US President Donald Trump told journalists on Thanksgiving Day that "Israel would be in big trouble without Saudi Arabia."
Saudi Arabia's alliance with the US is not only significant for Washington but also for Israel.
Trump was asked about the link between Saudi Crown Prince Mohammed Bin Salman, aka MBS, and the killing of journalist Jamal Khashoggi. Trump neither denied nor confirmed the connection, but simply seemed as if he was indifferent about the whole incident.
Trump instead chose to focus on the Saudi-Israeli relations - and how Israel is dependent on the Saudi Prince.
Trump also mentioned how grateful he is to the crown prince for pushing the oil prices down, in addition to pointing out how many jobs will return to the US with Saudi arms purchases from the country.
As Trump received heavy criticism for choosing to ignore MBS's role in Kashoggi's killing, the US president tried to legitimise his unpopular stance. "It is a very important ally, and if we go by a certain standard, we won’t be able to be allies with almost any country," Trump said, justifying his position on the crown prince.
Trump argued that he needs to maintain friendly ties with Saudi kingdom in order to address Israel's security concerns.
Israel and Saudi Arabia
Saudi Arabia and Israel have been discreet about their diplomatic relations. The countries never publicised their growing ties.
Since MBS became the Crown Prince in June 2017, a rapprochement never so close in the history of two states has taken place.
For instance, though Saudi Arabia's policy does not recognise Israel as a state, MBS made a bold assertion that "Israelis have the right for a homeland".
MBS opened up the Saudi airspace for all commercial flights to and from Israel, globally.
And they both see Iran, another Middle East power, as a security threat.
“We have a common enemy, and it seems that we have a lot of potential areas to have economic cooperation,” the Crown Prince said.
Trump administration's support to the MBS is driven by this cooperation - but many wonder how stable it is.
Is Trump's Middle East policy under threat?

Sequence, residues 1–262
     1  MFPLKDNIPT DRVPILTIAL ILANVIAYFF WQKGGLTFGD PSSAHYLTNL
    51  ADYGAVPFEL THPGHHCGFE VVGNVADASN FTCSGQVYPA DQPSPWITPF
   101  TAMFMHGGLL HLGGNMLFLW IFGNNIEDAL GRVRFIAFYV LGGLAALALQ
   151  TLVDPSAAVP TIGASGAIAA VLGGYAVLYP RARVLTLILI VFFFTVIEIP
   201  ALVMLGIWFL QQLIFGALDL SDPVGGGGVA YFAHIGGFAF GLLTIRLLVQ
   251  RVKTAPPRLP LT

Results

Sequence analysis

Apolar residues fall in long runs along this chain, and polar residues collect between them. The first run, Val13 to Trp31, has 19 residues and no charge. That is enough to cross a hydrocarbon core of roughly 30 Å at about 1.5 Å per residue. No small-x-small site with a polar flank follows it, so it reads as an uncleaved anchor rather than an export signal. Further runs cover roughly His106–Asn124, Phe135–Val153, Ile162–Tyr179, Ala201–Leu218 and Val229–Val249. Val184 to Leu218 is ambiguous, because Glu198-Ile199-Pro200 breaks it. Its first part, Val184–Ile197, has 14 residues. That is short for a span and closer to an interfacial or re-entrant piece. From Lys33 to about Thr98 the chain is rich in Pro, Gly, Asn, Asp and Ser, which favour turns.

The strongest political allies of Trump in the Middle East are the Saudi Crown Prince and the Israeli PM Benjamin Netanyahu.
It is possible to say that the whole Middle East policy of the Trump administration relies on these two strong allies.
But both the leaders have come under public scrutiny.
His image has taken further battering as the Saudi-led coalition continues to bombard Yemen, causing thousands of civilian deaths.
Again, MBS is being criticised for leading the armed campaign in Yemen and for not pulling back.
Israeli PM Benjamin Netanyahu has come under fire after the ceasefire deal with Palestinians in Gaza.
As a reaction to the ceasefire agreement the Minister for Defence, Avigdor Lieberman resigned from his office and also from the coalition government.
Without Lieberman's faction, Netanyahu's right-wing government still has a narrow majority of 61 of the 120 Knesset seats.
However, it is getting tight for the far-right PM.
He is holding office of Foreign Minister since 2015, this new ministry will make it two in total with the Prime Ministry.
According to the Haaretz is Netanyahu trying to stabilize his coalition to avoid early elections.
Netanyahu is holding the office of Foreign Minister since 2015.
Other coalition partners have already demanded that Netanyahu hold new elections in spring. Regular elections would be held in November 2019.
Trump's Middle East policy is an alliance between two fragile governments involved in wars in their own neighbourhood - and in 'administrative crisis'.
It remains to be seen whether the US will continue to rely on the two highly controversial leaders or recognise the growing need for course correction.